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There is an interstate that runs in pretty much a straight line all the way across South Dakota?Interstate 90. It is as unending as it is uninteresting, at least if you are interested in scenery beyond vast tracts of farmland. This half-day trip is only slightly superior to driving across Kansas, punctuated by the occasional farmhouse or small out of the way town.

However, there is one curiously ubiquitous sight along I-90 that seems to accent the passing time like the mile markers whizzing by: billboards for a place called Wall Drug.

Wall Drug is really just a tiny tourist trap near the edge of western South Dakota that, aside from having passable donuts and a plastic egg dispensing machine next to the cement replicas of various dinosaurs, has nothing more going for it than its innumerable billboards. From the moment you enter South Dakota and during your entire time on I-90, signs for this rather unspectacular stop accost you. The sheer amount of billboards one encounters can become exhausting, and the advertising has become a bit of a kitsch phenomenon. There were even billboards for it in South Vietnam during the Vietnam War.

There is another billboard I come across fairly frequently whenever I return to Kansas City. It?s an advertisement for a church and?in similar kitschy fashion?uses a cross as the ?T? in its name. My wife and I both groan as we see it, wondering how such a meaningful symbol can become lost in the visual noise of the obvious.

The obvious is something we all struggle with when communicating anything. But there seems to be a particular danger when it comes to proclaiming the Gospel. There is a tendency to rely on the obvious so much that it becomes old hat?a ready made slogan that we shout to avoid having to deal with deeper things.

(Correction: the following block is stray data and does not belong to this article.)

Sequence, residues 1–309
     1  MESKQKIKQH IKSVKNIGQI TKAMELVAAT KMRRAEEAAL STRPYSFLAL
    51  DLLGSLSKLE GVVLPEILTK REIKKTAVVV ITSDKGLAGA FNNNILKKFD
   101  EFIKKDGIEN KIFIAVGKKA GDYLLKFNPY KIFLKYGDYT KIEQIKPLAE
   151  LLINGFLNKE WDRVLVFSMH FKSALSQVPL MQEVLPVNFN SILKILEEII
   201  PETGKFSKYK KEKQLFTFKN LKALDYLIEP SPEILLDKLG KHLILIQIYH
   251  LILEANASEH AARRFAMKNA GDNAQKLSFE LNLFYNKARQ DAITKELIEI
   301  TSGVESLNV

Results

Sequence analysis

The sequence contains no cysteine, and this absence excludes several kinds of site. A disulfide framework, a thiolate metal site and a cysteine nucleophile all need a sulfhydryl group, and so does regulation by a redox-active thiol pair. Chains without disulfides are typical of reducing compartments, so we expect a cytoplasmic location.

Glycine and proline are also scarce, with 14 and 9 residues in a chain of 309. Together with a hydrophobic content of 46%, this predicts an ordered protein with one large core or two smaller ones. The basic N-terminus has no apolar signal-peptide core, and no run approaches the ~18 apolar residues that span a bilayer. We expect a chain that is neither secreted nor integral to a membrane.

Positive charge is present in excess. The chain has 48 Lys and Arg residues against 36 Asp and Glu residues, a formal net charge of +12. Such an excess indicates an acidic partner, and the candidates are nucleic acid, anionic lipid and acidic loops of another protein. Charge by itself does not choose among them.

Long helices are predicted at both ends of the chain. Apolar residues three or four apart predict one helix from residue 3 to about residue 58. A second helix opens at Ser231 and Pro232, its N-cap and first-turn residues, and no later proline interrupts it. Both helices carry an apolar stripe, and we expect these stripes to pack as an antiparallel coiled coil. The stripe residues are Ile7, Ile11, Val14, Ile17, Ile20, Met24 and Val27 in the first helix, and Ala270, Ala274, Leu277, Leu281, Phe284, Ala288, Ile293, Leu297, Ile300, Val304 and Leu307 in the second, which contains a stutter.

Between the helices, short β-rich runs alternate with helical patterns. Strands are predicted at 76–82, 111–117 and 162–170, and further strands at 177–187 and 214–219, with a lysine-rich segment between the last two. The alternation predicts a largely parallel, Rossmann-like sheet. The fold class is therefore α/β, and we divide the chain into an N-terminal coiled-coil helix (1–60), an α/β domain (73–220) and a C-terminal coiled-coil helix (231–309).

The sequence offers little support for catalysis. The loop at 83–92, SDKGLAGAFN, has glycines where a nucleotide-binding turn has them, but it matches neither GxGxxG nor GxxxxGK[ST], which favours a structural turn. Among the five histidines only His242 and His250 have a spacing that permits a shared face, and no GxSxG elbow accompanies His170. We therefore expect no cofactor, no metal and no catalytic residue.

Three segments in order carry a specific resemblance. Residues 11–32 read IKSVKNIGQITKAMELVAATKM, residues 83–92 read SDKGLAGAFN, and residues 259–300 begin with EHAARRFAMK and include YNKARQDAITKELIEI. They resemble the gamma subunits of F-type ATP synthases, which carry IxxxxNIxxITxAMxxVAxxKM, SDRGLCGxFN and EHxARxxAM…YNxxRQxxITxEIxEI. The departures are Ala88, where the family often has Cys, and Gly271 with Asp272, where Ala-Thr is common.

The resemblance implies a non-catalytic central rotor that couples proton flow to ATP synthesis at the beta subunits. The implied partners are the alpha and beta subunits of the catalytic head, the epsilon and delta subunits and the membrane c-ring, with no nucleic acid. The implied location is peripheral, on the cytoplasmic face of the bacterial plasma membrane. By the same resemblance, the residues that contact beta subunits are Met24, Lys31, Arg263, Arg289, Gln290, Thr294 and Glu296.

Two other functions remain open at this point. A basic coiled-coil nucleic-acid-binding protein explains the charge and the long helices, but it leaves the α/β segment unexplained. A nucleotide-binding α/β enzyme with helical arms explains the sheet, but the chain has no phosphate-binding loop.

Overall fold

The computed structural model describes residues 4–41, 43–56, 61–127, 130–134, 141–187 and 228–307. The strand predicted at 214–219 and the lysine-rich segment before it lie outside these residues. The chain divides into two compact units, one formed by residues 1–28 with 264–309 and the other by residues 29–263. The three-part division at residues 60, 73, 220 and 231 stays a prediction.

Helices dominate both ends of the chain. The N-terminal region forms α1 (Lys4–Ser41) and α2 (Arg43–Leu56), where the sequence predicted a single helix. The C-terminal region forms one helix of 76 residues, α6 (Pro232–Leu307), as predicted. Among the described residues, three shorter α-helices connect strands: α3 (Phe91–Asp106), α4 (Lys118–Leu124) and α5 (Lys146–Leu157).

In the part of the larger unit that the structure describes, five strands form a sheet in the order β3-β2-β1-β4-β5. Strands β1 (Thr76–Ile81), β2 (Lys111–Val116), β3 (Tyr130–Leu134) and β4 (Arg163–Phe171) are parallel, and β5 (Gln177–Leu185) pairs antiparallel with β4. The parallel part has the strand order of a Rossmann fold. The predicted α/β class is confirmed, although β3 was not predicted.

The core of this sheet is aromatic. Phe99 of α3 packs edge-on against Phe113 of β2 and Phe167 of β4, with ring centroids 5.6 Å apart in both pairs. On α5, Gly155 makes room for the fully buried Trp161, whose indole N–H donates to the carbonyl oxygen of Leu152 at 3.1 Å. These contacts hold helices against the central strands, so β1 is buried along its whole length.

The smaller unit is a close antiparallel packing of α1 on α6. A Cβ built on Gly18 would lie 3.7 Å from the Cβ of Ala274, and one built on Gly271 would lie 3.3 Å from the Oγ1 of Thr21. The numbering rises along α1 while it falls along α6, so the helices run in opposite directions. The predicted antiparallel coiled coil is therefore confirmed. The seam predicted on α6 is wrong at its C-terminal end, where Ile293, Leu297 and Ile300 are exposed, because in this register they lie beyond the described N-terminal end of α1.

The term ?obvious? is interesting etymologically; it comes from the Latin obvium?itself from the phrase ob viam?which essentially means ?in the way.? The idea is that the obvious is something one encounters in the regular course of things, ?in the way? of normal life. In other words, there is nothing remarkable, nothing transcendent here, nothing more than a billboard on the highway that whizzes by and is forgotten.[quote]When an idea is treated with such mundanity, a powerful symbol like a cross can become just as throw-away as an ad for ice-cold water at a tourist trap.[/quote]

When an idea is treated with such mundanity, a powerful symbol like a cross can become just as throw-away as an ad for ice-cold water at a tourist trap. And while I do not doubt people?s intentions, is that really the kind of message we want to communicate? Is the obvious the best garb to tell others about the truth that we believe to be the deepest part of reality?

The struggle, then, is to not be content with the obvious, to go beyond the idea one encounters ?in the way? and instead communicate truth with depth and meaning. So how do we get off the interstate and avoid the billboards? How do we venture onto the back roads that lead to the places that we really remember?